Belgium, Public Prosecutor v. G.W

N.B. As per the disclaimer, neither the ICRC nor the authors can be identified with the opinions expressed in the Cases and Documents. Some cases even come to solutions that clearly violate IHL. They are nevertheless worthy of discussion, if only to raise a challenge to display more humanity in armed conflicts. Similarly, in some of the texts used in the case studies, the facts may not always be proven; nevertheless, they have been selected because they highlight interesting IHL issues and are thus published for didactic purposes.

[Source: Brussels War Council 18 May 1966, partially reported in Revue Juridique du Congo, 1970, p. 236 and in Revue de Droit Pénal et de Criminologie, “Chronique annuelle de Droit pénal militaire”, 1970, p. 806; original in French, unofficial translation.]


in re Public Prosecutor v. G.W., May 18, 1966




II.   Facts

On 5 October 1965 the accused, G.W., a senior member of the Belgian staff providing assistance to the Democratic Republic of the Congo, was driving in a jeep in the company of M. and M., soldiers belonging to the Congolese national army, coming from a checkpoint set up on Opala road and going towards Lubunga, an outlying district of Stanleyville [...].

The jeep had just left an area out of bounds to civilians and entered a non-forbidden zone, when the vehicle’s occupants saw [...] two Congolese crossing the road, carrying “Beretta” submachine-guns [...].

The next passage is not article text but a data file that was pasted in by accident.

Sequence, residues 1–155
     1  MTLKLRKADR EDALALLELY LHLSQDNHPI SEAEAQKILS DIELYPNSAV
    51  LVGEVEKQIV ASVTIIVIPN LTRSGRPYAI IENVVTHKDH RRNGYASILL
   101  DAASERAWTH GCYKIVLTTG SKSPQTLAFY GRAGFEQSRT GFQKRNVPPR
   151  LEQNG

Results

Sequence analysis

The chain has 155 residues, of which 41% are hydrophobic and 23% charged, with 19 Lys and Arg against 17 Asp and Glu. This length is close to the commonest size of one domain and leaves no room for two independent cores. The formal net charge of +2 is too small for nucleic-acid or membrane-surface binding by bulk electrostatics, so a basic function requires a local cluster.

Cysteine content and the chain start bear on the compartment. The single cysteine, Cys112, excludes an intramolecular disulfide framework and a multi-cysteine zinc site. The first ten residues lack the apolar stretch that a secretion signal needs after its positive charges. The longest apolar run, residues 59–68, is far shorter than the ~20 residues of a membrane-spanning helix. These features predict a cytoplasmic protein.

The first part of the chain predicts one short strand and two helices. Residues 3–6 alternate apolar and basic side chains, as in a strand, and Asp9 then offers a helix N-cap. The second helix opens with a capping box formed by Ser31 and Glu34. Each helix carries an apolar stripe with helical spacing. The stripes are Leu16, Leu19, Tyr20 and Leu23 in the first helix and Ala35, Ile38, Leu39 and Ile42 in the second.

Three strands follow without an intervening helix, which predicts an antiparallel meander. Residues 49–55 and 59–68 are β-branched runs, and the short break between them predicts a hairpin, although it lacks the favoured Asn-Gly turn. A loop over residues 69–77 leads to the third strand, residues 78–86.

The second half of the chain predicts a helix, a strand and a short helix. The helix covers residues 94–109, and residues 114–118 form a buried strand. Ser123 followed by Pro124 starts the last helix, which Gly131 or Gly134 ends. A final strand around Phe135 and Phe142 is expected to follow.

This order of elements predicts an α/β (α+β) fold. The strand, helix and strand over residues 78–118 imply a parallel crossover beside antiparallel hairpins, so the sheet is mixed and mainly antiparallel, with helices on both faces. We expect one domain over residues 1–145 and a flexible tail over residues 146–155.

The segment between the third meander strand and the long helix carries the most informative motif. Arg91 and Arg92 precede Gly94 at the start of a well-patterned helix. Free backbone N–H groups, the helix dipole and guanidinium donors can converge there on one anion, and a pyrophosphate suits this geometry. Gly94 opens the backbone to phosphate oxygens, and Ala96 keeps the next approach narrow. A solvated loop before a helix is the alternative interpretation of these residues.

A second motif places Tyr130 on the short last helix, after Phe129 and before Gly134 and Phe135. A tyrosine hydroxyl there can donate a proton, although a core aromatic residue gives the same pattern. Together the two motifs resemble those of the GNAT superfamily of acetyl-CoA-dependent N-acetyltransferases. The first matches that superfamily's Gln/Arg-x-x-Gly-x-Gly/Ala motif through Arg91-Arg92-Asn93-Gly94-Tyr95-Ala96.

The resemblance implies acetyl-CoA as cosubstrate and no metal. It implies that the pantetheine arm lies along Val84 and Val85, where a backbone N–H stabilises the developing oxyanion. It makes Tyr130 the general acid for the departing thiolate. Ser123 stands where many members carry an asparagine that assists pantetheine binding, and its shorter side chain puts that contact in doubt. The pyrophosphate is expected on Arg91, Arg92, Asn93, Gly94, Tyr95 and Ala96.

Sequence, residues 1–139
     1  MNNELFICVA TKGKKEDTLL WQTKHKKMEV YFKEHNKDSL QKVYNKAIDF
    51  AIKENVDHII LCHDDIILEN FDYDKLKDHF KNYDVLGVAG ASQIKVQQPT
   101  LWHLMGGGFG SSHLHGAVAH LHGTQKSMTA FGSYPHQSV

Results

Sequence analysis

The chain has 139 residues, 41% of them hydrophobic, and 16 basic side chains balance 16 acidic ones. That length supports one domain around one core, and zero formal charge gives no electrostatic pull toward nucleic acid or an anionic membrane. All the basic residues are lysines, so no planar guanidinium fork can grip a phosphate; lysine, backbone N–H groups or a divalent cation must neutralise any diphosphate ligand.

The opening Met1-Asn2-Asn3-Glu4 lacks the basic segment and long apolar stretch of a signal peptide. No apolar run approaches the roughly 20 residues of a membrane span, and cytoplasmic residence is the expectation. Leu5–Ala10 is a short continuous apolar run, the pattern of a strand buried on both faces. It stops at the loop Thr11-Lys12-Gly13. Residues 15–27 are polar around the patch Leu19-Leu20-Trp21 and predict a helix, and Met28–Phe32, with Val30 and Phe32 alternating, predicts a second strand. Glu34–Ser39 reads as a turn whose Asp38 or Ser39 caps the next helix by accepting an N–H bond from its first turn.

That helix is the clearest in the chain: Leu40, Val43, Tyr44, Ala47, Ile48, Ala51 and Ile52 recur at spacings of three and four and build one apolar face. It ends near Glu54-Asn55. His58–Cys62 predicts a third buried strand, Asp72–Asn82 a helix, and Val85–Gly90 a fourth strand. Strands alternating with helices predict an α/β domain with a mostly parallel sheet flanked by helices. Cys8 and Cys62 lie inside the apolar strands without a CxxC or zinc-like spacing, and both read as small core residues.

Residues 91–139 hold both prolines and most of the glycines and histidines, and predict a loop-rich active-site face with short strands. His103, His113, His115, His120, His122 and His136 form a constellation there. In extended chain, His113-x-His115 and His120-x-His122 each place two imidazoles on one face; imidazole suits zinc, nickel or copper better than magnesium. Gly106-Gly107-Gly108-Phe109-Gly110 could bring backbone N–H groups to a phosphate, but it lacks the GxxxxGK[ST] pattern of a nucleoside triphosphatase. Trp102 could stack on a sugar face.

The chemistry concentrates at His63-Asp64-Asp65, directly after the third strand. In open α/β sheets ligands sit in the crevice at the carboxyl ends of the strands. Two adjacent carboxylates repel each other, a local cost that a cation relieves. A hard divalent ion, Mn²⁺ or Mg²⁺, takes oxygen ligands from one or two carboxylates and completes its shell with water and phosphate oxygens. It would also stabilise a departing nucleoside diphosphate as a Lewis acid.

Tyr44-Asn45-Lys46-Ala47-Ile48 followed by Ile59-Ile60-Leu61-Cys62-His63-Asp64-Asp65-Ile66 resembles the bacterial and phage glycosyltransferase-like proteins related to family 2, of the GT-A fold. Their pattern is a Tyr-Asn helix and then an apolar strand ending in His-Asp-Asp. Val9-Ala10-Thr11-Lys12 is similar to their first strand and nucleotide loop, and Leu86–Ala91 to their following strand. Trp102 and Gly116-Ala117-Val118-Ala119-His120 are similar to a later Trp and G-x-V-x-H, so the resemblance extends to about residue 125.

A Congolese woman, Z.S., appeared on the threshold of the hut from which, according to W., the second rebel had come out; the accused interrogated her, with the help of his driver, N., but got no intelligible reply [...].

The accused – as he himself stated – then started to push the woman; he knocked her over, she fell on her side; he lifted her head with his foot because she persisted in turning her head to face the ground; he did not actually kick her, but he put his foot on her head and pressed down.

The accused declares that he then ordered her to accompany him to the camp; the woman rolled on the ground without obeying him. He ordered the two soldiers, as he himself said, to put her in the jeep, which they did not manage to do; as soon as he heard the engine start – the jeep being out of sight – he fired a revolver shot into the head of the victim, who was lying at his feet. The accused then went back to the camp and informed the Congolese and Belgian authorities of what had happened and asked that a patrol be sent out to look for the rebels.

The autopsy showed that the victim had two bullet wounds, one of them [...] in the head. [...]

The material facts of the case against the accused have been established beyond doubt. It has also been established that the accused fired the shot into the victim’s head with intent to kill.

III.   On grounds for justification [...]

(a) Order from higher authority

The accused invokes the order issued by Major O. to “shoot all suspect elements on sight” in the area forbidden to civilians.